I’ve been in federal prison for 17 years. During that time, I have watched flip phones become iPhones, EVs become ubiquitous, and AI start to take over the world—albeit not quite the way Terminator envisioned it (yet). Still, I have been largely unable to use that technology myself. I could only read about it in magazines and newspapers, watching the 21st century unfold using 17th-century methods. I didn’t physically hold a smart device until the US Federal Bureau of Prisons started selling tablets—last year.
This isn’t all that surprising. The Bureau of Prisons is resistant to change and sensitive to criticism. In 2008 it finally replaced antiquated monitors in supermax prisons with new TVs, but officials limited those to black-and-white picture mode so they could tell the public that they hadn’t provided the luxury of color to prisoners. A combination of the BOP’s hypersensitivity to public perception and congressional pressure to keep inmates in a no-frills environment has resulted in prisoners being years, if not decades, behind the rest of society.
There are a lot of other reasons technology is hard to come by in here. Federal prisons hold sex offenders, blackhat hackers, and other people whose access to the internet and the public needs to be tightly monitored and controlled. Unfortunately, rather than pay for technology systems that offer crucial, if limited, access to incarcerated people, the BOP’s default strategy is generally one of complete abstinence for everyone.
Federal prisoners, unlike those held in state prisons, can be incarcerated anywhere in the United States. I am currently in Florida, literally the farthest possible distance I can be from my family in the Pacific Northwest while still remaining in the contiguous United States. Staying in touch with friends and family is tough. The BOP introduced the aforementioned tablets to help prisoners stay close to loved ones. But while video messaging is being rolled out at lower-security levels, prisoners in my penitentiary have yet to see any of these features—and when we do get access, we will only get to send and receive recorded messages, a far cry from the real-time videochat systems in use at some state prisons.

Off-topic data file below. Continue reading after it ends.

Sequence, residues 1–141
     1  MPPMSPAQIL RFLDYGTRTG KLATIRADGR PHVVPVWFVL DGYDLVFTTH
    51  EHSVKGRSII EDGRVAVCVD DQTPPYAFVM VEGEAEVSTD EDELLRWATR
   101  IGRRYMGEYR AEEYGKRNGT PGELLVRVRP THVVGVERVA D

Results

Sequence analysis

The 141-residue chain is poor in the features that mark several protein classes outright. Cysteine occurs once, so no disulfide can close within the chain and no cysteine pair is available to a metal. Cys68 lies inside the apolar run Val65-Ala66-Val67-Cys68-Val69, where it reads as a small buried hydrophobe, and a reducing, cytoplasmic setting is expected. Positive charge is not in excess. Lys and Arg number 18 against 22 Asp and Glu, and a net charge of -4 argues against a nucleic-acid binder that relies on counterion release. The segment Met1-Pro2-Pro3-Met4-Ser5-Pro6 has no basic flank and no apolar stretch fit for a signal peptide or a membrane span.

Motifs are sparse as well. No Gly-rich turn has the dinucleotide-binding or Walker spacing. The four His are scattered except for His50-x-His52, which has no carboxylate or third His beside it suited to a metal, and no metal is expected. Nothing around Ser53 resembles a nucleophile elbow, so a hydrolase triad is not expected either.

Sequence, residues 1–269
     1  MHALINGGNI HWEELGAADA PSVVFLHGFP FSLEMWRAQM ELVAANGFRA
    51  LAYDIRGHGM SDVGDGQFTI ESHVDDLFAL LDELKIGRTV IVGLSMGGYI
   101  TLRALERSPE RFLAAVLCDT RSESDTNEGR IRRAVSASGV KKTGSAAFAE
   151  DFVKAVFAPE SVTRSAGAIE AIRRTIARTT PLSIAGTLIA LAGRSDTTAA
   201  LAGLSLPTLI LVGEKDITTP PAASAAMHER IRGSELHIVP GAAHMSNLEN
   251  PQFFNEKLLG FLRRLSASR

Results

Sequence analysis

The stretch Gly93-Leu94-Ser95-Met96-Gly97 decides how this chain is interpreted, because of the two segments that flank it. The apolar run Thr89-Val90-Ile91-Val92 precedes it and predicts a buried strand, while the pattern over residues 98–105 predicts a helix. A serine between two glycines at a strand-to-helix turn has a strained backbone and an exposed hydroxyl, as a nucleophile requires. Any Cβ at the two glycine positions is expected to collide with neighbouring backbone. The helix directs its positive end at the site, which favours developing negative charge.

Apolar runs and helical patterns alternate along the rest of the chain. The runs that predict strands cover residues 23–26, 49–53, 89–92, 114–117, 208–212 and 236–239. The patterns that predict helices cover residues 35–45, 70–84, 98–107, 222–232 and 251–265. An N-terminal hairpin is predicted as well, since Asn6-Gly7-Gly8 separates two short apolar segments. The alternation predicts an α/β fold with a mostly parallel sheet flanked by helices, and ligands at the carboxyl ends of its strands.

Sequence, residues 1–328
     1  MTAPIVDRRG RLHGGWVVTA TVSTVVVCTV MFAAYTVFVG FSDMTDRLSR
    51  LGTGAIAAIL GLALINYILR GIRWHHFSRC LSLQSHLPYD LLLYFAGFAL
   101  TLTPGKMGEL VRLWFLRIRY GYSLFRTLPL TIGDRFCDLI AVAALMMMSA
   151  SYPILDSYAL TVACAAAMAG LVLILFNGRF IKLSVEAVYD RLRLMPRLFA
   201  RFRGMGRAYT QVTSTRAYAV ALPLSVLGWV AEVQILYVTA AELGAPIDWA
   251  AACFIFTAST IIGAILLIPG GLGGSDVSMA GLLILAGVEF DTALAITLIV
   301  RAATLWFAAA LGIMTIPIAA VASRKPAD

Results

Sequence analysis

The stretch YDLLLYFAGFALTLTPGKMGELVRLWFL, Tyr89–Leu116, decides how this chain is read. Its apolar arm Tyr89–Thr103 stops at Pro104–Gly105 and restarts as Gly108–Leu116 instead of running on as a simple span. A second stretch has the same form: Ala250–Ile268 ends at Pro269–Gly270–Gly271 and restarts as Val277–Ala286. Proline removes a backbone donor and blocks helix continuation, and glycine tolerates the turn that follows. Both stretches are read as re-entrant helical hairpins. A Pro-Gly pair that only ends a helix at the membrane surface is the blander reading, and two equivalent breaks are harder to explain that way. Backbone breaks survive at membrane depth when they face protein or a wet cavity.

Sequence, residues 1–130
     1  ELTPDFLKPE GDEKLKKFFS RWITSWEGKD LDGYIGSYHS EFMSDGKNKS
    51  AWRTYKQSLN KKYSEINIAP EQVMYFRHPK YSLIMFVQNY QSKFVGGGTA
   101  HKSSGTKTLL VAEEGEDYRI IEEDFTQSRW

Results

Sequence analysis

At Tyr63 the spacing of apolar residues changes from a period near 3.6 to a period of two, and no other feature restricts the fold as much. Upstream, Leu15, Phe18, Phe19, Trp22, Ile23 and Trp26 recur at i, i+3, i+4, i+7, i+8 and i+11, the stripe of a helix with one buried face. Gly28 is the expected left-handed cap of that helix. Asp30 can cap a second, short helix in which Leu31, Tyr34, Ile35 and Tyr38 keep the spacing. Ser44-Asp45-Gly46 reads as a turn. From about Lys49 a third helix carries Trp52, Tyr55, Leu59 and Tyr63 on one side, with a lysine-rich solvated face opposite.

It’s hard to be disconnected from loved ones and the outside world in this way. But cutting prisoners off from technology is more broadly disadvantageous to them and to society than you might realize. If I were released tomorrow and had served only two years, I would still be stepping into a world that contains many new and unfamiliar technologies, like generative AI. And I haven’t served two years. I have served 17 and am not scheduled to get out for another 11. Without access to technology and adequate training, when I do leave I will be entering a society that is unrecognizably different from the one I left. Over 20 years in prison will have done nothing to prepare me for the seismic shifts that have occurred. And that needs to change.
To function in a world littered with fake news, political propaganda, and emotion disguised as fact, you need to be able to do research and challenge the noise. In here, that option isn’t readily available. For the most part, all of our information comes from broadcast news. Exposure to partisan news sources without the ability to fact-check is a recipe for disaster. While we do have access to magazines and newspapers, they cost money, so most prisoners just opt to watch cable TV. Any group of people exposed to a single news source for years without any other input is at risk of radicalization.
What’s more, limited access to technology hinders incarcerated people from setting themselves up for success when they reenter society. Education is the most effective means of reducing recidivism. Simply finishing a GED reduces a prisoner’s chances of coming back to prison dramatically. If they finish a four-year degree, their chances of returning drop below 8 percent. On the off chance that they earn a graduate degree, the odds are effectively zero. And yet, a college education is becoming increasingly out of reach; most schools that offer distance learning have transitioned to online-only formats, which are generally inaccessible to prisoners.
The BOP has almost unlimited discretion in how it runs its prisons. Decisions made by the bureau cannot generally be reviewed in court. There are concrete steps the BOP can take to better prepare inmates for release—providing secure portals for online classes, introducing secure Wi-Fi systems and real-time video visiting, and providing supervised internet access for the final six months of a sentence—these will dramatically increase a prisoner’s chance of reintegration into society.
I am educated, which gives me an edge in finding work. I may have grown up in prison, but I have a strong support network—not everyone in here has that. Giving them—us—access to technology in a responsible way is essential if we want people to have a fair shot at getting out and staying there.
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